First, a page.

(photo by Kim Faires via Flickr)

Meet U of T's newest Order of Canada honourees

David Cronenberg, Guy Gavriel Kay, Constance Sugiyama among those recognized

From acclaimed scholars and writers to business leaders and filmmakers, members of the University of Toronto community comprise one quarter of the newest appointees to the Order of Canada.

Governor General David Johnston announced the awards June 30 and the full list of 86 recipients includes 23 U of T alumni, honorary grads and faculty members. (Read the complete list.)

“It is wonderful to see two Department of Psychiatry faculty members being recognized with Canada’s highest honour,” said Dr. L. Trevor Young, professor and chair, Department of Psychiatry, on receiving word that Donna Stewart had been named a member of the Order and David Goldbloom had been made an officer.

“Donna Stewart’s research has transformed care and informed education and policy development. Her work, particularly in the field of women’s mental health, has benefited women around the world,” Young said. “David Goldbloom’s national leadership as a mental health clinician, educator and advocate has far-reaching effects. His tremendous involvement in the Mental Health Commission of Canada and a variety of community endeavours has helped transform the world of mental health.”

Professor Marion Bogo of the Factor-Inwentash Faculty of Social Work was also named an officer for her teaching and scholarship. A leader in curriculum design for social work programs, Bogo has been a pioneer in developing standardized evaluation methods now used worldwide, said Dean Faye Mishna.

“Marion is a true leader who is conducting and producing groundbreaking research and scholarship, which has palpable effects for social work practice,” said Mishna. “She continues to share her expertise with schools of social work across Canada and beyond our borders.

“Few other social work scholars parallel her commitment to conceptualizing social work education for social work practice, and consistently over decades, maintaining this central focus in their research and scholarship, professional achievement and community service. “

Anthony Doob, professor emeritus of criminology, and Roy Shephard, professor emeritus of kinesiology were both named members of the Order. Doob was honoured for his scholarship and his role in shaping Canadian justice policy and Shephard for his pioneering work in the field of exercise science and for promoting the health benefits of physical activity to Canadians.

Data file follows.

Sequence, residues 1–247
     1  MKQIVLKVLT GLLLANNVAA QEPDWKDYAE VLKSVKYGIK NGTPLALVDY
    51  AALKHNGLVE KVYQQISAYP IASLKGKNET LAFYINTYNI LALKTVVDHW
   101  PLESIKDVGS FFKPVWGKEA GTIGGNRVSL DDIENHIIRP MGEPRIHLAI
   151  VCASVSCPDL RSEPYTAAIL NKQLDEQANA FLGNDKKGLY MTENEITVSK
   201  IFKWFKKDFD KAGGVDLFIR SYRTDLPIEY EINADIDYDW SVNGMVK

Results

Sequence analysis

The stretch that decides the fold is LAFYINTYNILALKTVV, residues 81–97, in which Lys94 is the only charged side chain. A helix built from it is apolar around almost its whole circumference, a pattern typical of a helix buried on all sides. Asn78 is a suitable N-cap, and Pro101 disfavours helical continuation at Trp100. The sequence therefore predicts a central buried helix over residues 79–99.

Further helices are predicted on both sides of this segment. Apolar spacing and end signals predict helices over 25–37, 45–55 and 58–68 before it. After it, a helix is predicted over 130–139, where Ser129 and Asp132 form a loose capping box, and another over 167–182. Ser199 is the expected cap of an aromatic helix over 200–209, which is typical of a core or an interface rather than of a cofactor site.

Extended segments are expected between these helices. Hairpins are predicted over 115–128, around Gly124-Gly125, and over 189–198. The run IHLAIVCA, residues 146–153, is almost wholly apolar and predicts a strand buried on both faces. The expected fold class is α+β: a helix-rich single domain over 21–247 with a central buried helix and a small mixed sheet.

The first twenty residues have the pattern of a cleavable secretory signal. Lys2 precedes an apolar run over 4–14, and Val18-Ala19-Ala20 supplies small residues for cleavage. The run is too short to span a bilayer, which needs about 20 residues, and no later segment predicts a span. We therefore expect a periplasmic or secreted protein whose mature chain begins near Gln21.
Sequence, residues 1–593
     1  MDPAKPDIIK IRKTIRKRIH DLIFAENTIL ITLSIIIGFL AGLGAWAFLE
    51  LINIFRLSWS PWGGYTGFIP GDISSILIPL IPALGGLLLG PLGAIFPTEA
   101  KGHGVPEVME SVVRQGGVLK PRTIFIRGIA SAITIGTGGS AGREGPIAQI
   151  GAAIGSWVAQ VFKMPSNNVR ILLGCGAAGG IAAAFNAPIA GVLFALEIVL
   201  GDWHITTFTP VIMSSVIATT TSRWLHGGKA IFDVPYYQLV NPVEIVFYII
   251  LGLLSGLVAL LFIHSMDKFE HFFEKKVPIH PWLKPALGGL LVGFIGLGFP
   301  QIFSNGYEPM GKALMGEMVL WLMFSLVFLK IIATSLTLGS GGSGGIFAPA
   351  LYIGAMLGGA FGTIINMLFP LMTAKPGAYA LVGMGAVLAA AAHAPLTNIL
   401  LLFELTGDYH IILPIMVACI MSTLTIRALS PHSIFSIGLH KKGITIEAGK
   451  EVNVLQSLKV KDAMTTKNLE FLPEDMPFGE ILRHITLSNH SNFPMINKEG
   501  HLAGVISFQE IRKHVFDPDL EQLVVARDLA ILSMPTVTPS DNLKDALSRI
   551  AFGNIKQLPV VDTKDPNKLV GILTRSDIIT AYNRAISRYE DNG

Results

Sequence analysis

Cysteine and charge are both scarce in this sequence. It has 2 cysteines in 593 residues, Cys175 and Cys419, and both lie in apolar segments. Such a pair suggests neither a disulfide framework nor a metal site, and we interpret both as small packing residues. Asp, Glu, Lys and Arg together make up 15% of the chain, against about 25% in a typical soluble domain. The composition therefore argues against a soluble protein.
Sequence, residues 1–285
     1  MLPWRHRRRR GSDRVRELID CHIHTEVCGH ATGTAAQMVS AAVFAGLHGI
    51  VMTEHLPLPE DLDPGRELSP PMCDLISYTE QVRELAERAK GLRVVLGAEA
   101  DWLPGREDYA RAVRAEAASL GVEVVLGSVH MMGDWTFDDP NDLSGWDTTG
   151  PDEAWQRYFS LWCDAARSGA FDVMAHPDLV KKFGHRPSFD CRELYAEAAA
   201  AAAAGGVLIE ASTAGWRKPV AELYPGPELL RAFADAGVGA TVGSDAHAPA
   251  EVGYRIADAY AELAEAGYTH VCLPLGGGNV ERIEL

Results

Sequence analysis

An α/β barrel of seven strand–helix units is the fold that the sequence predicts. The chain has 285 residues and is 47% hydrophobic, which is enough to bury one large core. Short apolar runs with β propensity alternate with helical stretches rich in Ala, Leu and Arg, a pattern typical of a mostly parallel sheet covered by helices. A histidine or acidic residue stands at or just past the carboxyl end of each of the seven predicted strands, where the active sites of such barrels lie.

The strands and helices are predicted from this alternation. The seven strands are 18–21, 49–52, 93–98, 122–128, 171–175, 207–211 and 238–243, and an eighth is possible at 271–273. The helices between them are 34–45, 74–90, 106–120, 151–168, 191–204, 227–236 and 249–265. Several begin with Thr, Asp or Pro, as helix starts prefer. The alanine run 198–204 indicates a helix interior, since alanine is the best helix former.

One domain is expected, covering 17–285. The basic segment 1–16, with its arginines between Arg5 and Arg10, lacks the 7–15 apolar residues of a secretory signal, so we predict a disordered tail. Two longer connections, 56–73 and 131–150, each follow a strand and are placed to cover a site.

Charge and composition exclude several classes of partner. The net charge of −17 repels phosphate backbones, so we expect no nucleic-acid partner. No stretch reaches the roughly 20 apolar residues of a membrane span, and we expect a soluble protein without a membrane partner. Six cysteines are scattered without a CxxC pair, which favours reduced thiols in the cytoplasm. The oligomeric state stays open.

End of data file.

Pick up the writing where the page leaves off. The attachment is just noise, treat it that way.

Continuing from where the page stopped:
"All of Tony Doob’s colleagues at the Centre for Criminology and Sociolegal Studies are delighted – although not surprised – that he has been named to the Order of Canada," said colleague Rosemary Gartner who has published extensively with Doob. 
"His contributions have helped ensure that our criminal laws and justice system are a closer reflection of the fundamental Canadian values of justice, fairness, and humanity; and his dedication to evidence-based justice policy and practice have helped ensure that criminal justice interventions in people’s lives have an empirical and a principled basis."
Professor Ira Jacobs, dean of the Faculty of Kinesiology and Physical Education, called Dr. Shephard’s impact on the exercise sciences "one of the most prodigious in the world" over the last half century.
“He mentored, inspired and led many who have gone on to national and international research and academic leadership positions,  including those who are leading our Faculty today," said Jacobs. "He is an amazingly eclectic, creative and productive trailblazer in our field with an ability second-to-none to identify the potential for knowledge from diverse fields to be integrated to advance exercise sciences, and then to effectively communicate that integration. The Order of Canada is an incredible honour and Dr. Shephard is most deserving of this prestigious award.”
World-renowned filmmaker and alumnus David Cronenberg received a promotion within the Order that raised him to companion – the highest honour attainable. And the lengthy list of alumni named members or officers also includes such well-known names as: renowned writer Guy Gavriel Kay, author of bestselling fantasy novels such as the Fionavar Tapestry series which chronicles the adventures of five U of T students; musician Jack Long, co-founder of Long & McQuade; and Raymond Chang, the business leader and philanthropist.